CONTRIBUTORS

Elle Schneider (Love, Actually)

“As a filmmaker from New York, I love speaking with cinematographers who embrace the city as a character, and I enjoy hearing how they weave its visuals into the stories they’re telling, like Yaron Orbach did with Modern Love.”

JoJo Whilden, SMPSP

(Not Strictly Ballroom, Stop Motion) “I started shooting set stills in 1997 on an indie film called High Art. The director was my best friend, and I was paid $50 per day to shoot and print the photos! The film turned into a hit at Sundance and Cannes, and 20,000 hours later I still do what I do because I love working with actors, creatives and all the other union crew members – and I love the autonomy of my job.”

ICG MAGAZINE

David Geffner Executive Editor

Twitter: @DGeffner Email: david@icgmagazine.com

September 2019 … The TV Issue

MODERN

POSE LOVE

/

GRAND

HOTEL

/

ECA

HONOREES

Cover photo by JoJo Whilden, SMPSP


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TECHNOLOGY THAT EVOLVES WITH ITS CREATORS “RED has played a big part on Stranger Things. In Season 1, the DRAGON sensor gave us the filmic, smooth look we wanted. In Season 2, we used the HELIUM sensor for greater latitude and framing with extra wiggle room for VFX. And in Season 3, we moved to a large format sensor with MONSTRO that blew us away!” - Tim Ives, ASC Cinematographer for Stranger Things

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09.2019

BURNING DOWN THE HOUSE – IN-CAMERA – FOR THE CBS DRAMA

SEAL Team BY PAULINE ROGERS FRAMEGRABS COURTESY OF CBS

It’s trial by fire, and it isn’t CGI. In Episode 217 of CBS’s hit primetime drama, SEAL Team, Lisa Davis (Toni Trucks) is in Officer Candidate School (OCS), where her training includes fighting through different sections of a claustrophobic/chaotic environment, a shipboard fire simulator known as “The Crucible.” Davis must lead her classmates to safety while putting out various fires, sealing bulkhead doors, and eventually carrying a “dummy” to safety. But as the flames and danger grow, she freezes up, hearing the voice of her sister who died in a house fire years ago, in which Davis could only save one sibling. In the intense emotional and physical maelstrom, the Navy specialist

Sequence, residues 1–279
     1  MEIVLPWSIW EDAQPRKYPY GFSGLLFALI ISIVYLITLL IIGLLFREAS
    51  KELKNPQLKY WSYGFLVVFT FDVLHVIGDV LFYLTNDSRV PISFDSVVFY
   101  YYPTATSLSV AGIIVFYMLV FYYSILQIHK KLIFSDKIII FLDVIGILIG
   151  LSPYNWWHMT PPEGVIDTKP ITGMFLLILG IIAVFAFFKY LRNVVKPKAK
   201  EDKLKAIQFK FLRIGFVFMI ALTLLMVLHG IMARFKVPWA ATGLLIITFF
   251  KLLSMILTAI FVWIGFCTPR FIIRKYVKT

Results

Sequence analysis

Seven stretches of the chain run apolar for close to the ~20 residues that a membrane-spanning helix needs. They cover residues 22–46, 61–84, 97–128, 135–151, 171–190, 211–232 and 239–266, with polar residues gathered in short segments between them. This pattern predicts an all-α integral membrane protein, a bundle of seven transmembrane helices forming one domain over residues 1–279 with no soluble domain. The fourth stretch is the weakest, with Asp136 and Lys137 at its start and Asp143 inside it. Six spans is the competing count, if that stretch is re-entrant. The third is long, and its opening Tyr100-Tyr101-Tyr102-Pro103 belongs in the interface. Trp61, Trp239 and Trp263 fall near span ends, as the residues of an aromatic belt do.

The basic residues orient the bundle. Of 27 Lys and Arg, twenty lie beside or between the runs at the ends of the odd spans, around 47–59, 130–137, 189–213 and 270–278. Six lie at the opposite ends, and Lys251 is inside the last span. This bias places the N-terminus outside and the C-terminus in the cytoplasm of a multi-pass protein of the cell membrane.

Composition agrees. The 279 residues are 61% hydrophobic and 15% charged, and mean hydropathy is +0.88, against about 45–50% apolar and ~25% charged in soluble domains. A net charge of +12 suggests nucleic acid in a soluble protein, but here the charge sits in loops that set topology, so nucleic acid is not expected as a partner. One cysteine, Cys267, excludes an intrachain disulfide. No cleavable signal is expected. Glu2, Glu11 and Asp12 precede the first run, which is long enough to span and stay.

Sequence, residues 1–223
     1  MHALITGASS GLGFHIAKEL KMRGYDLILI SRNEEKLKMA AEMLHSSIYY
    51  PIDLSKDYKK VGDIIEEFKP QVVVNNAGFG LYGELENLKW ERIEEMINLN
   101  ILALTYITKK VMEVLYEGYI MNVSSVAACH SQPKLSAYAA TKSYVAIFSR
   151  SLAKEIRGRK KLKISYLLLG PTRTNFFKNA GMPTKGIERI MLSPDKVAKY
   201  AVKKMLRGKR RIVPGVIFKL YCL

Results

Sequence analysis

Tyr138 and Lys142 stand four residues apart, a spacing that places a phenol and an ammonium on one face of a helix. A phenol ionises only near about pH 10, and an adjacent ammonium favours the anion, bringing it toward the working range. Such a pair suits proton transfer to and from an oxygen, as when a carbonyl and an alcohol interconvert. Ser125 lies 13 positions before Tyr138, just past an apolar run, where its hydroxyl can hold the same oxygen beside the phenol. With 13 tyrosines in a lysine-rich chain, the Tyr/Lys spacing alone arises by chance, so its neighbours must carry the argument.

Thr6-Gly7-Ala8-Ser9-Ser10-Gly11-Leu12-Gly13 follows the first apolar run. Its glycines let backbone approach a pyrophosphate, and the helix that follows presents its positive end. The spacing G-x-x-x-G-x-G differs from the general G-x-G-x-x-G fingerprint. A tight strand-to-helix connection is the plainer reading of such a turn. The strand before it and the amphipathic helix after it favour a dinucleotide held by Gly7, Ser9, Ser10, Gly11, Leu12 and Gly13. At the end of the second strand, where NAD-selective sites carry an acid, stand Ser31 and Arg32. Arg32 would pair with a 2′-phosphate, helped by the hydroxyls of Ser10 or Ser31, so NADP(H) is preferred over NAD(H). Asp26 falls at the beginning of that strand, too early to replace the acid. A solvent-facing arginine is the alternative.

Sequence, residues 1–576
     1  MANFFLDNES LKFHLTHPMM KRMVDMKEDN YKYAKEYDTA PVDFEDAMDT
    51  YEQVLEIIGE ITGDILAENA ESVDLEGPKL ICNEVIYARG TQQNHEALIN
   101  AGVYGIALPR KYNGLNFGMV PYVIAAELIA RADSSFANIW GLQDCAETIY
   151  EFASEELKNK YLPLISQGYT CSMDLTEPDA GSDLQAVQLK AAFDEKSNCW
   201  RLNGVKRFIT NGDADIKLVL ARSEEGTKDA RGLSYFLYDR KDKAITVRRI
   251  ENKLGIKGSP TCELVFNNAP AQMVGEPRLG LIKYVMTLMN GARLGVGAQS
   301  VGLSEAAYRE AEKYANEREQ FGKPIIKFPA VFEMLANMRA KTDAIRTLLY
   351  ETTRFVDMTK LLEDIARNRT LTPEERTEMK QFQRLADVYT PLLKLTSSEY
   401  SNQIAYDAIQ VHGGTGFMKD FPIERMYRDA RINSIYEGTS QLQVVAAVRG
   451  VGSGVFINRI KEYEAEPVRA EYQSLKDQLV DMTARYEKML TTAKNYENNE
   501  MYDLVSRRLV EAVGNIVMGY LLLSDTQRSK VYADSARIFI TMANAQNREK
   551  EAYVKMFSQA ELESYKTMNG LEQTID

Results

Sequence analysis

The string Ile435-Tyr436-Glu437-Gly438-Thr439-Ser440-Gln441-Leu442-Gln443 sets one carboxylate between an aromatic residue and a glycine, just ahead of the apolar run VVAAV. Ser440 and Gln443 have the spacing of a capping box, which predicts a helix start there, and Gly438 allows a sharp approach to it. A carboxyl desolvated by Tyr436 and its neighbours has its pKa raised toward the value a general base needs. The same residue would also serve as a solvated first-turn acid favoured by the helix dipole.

hyperventilates and passes out, failing the mission. Three episodes later, however, Davis goes back into The Crucible, pushing past her personal demons to complete the training exercise. Cinematographer Alan Jacoby (who rotates with James Muro, ASC) says SEAL Team prides itself on doing as many effects incamera as possible, with safety always being the first priority. In addition to the regular technical advisors, the production team – Executive Producer/Director Chris Chulack, Jacoby, the DGA Assistant Directing team led by 1st AD Dan Shaw, Production Designer Stuart Blatt, Special Effects Coordinator Chris Nelson, and the Local 600 camera crew – worked with a fire advisor to make sure

Trucks handled her gear appropriately, as well as a stunt coordinator. “We had only one day to shoot the sequences for both episodes [which included a few pages of dialogue outside The Crucible before they go in],” Jacoby relates. “We had to move fast, and keep everything safe for up to six to eight actors, myself and two other operators, as well as SFX and stunts – in a very claustrophobic situation.” Blatt says they started looking into shooting the sequence in a real working fire-training facility, “but were never able to get approval and cooperation in a timely manner,” the designer shares. “We also spoke of building a set onstage so we would be able to control all elements, but after (cont'd on page 24)

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24 REPL AY

09.2019

conversations with Chris Nelson, that was deemed impractical.” That meant finding a location that looked like a U.S. Navy vessel – low ceilings, narrow halls, and a confined space – which turned out to be Lanterman Developmental Center in Pomona, where other SEAL Team action sequences have been shot. “It sat in the middle of a collection of buildings we’ve previously used as a military installation,” Blatt adds. “So we could point the camera in every direction without hiding anything.” Location secured, Blatt and Jacoby worked out a plan for Jacoby to interact with his crew, while still maintaining the safety distance needed for stunts. Modular elements were built, which allowed for mounting fully adjustable fire bars. The construction crew then built cage walls and corridors with steel ship doors. Using pipe rigs dressed on the steel wall frames, the camera could travel with the actors through the maze or dolly with them while shooting.